G. (formerly P.) v P. (Ancillary Relief: Appeal)

JurisdictionEngland & Wales
Judgment Date23 June 1977
Judgment citation (vLex)[1977] EWCA Civ J0623-2
Date23 June 1977
CourtCourt of Appeal (Civil Division)

[1977] EWCA Civ J0623-2

In The Supreme Court of Judicature

Court of Appeal

On Appeal from the Luton County Court


Lord Justice Stamp

Lord Justice Ormrod


MR. A. De FREITAS (instructed by Messrs Gregory Rowcliffe & Co., agents for Messrs Wynter, Davies & Lee, Hertford) appeared on behalf of the Appellant.

MR M.CURWEN (instructed by Messrs Tickle & Co.) appeared on behalf of the Respondent.


I will ask Lord Justice Ormrod to deliver the first judgment in this case.


This is an appeal from an order which was made by His Honour Judge Kingham at the Luton County Court on the 13th April of this year. By that order he dismissed an appeal by a former wife (whom I will call "the wife" for convenience) against an order which the learned registrar had made for periodical payments, He varied in a minor way an order the learned registrar had made in respect of the wife's house.


Very unfortunately the learned County Court judge himself took a point of law at the outset of the hearing of the appeals which, it is fair to say, took both counsel by surprise. The result has been that it has been necessary to consider this point in some depth, and we have been told that it has caused a good deal of anxiety in various quarters and has brought to the surface, apparently, some doubts about practice in relation to appeals from registrars to County Court judges. While this court has no desire to trespass on any part of the territory more properly belonging to the Judges of the Family Division or to the learned President it may be that some helpful observations can be made in the course of this judgment.


The point arose, as I said, at the outset of the hearing before the learned judge, who took the point that order 37, rule 5 of the County Court rules applied to the particular case under appeal, and, as a result, the learned judge decided that he could not embark upon a rehearing of the wife's application unless both parties consented, Order 37 begins, in sub rule (1), in this way: "any party affected by a judgment or final order of the registrar may, except when he has consented to the terms thereof, appeal therefrom to theJudge, who may upon such terms no fee thinks just (a) set aside or vary the Judgment or order or any part thereof" and so on. There is a note to order 37, rule 5, (which is on page 616 of the current County Court Practice), which draws a distinction between various kinds of appeal, e.g. order 13, rule 1 interlocutory matters and (111) "under the above order 37, rule 5." The note reads "This latter appeal is from a final order or Judgment of the registrar and cannot be made as of right morely because the appellant is dissatisfied with the decision of the registrar. The judge on such appeal has a discretion to allow the appeal in such form as is permitted in the above rule, but his discretion is an appellate discretion and must be exercised judicially only for good and sufficient reason." The rest of the note does not matter.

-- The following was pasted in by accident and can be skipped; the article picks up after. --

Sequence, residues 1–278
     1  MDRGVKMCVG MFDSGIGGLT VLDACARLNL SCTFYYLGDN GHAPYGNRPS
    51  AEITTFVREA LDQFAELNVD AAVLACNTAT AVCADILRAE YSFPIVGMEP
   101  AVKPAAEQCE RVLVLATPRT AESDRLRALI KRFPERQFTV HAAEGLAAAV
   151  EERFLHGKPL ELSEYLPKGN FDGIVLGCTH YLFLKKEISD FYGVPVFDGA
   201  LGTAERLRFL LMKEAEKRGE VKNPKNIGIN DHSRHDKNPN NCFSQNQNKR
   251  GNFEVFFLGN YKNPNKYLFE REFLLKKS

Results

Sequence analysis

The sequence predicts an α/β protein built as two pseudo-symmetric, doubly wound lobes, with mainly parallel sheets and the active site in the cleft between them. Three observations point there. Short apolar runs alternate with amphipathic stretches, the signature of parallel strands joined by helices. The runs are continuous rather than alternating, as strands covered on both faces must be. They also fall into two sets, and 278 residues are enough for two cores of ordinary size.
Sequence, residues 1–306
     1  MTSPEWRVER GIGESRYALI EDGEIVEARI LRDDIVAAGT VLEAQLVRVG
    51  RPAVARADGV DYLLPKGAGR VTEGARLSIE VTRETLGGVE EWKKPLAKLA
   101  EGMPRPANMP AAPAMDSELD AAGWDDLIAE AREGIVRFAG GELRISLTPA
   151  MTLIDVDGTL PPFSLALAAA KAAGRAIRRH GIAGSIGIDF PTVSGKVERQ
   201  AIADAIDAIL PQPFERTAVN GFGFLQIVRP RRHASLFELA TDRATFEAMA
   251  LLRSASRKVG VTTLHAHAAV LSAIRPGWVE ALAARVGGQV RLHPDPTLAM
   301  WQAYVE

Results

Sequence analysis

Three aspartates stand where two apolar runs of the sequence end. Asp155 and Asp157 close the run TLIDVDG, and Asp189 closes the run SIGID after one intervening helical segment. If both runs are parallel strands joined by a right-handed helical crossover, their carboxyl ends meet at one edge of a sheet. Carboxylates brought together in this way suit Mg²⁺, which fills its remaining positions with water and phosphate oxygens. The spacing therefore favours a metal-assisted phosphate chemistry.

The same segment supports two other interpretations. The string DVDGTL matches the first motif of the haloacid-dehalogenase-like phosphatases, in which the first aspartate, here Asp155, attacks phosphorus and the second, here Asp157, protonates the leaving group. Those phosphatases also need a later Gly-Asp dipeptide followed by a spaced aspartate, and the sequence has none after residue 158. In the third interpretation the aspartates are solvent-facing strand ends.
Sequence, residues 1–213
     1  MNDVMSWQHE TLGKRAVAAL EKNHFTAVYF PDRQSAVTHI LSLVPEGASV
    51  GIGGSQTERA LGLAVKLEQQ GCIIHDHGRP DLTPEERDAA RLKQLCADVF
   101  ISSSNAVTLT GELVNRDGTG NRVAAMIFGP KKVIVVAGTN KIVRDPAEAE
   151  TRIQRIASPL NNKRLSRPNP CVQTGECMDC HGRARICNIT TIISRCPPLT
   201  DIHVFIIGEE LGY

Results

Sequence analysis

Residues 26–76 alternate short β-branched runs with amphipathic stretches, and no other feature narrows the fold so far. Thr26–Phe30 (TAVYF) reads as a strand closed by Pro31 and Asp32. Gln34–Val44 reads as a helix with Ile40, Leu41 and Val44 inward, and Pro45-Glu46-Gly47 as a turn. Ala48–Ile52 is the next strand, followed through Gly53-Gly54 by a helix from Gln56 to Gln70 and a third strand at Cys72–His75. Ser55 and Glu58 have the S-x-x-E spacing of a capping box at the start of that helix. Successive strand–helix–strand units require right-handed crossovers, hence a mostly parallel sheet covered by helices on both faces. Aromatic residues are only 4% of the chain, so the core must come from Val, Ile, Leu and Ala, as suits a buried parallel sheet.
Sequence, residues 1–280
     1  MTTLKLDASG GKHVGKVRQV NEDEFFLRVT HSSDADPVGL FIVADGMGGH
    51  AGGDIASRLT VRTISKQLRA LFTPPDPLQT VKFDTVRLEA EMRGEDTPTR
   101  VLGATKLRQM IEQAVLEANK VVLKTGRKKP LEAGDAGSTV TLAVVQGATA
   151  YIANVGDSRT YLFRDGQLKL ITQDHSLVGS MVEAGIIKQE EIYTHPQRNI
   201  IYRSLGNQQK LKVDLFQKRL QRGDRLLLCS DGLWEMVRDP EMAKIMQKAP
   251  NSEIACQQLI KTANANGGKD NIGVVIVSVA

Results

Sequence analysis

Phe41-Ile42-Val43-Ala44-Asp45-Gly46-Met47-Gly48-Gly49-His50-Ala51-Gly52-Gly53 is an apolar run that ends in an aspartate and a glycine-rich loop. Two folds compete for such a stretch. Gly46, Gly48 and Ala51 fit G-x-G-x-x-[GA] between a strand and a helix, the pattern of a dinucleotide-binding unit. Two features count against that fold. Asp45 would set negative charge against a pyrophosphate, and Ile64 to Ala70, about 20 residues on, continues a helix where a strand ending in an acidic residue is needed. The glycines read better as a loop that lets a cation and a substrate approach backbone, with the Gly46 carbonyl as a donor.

It is particularly unfortunate that the learned judge should have taken this point, because the one thing that is abundantly clear about this case is that the court was not dealing with a final judgment or final order of the registrar. Whatever orders for periodical payments may be, they are not final orders, because they are subject to reviser. They are classified under the heading of interlocutory orders, no matter whether some part of the order, as in lump sum or property adjustment orders, appear to be final in effect, and indeed are final in effect. But they are all classified under the heading of interlocutory orders or judgments. So the learned judge regrettably misled himself into thinking that order 37 applied; it does not.


Moreover, it is quite clear from the Matrimonial Causes Rules - and I am; a looking at the 1977 rules, but the earlier rules are in the same terms - that Rule 24 the other County Court Rule which deals with appeals from registrars on interlocutory matters (that is order 13, rule 1), does notapply to matrimonial proceedings which are pending in the County Court. Rule 24 goes on, "any party may appeal from such an order or decision to a Judge on notice filed within 5 days after the order" and so on. So the appeal to the learned judge in this case was governed by the Matrimonial Causes Rules. Of that there can be no shadow of a doubt in my opinion.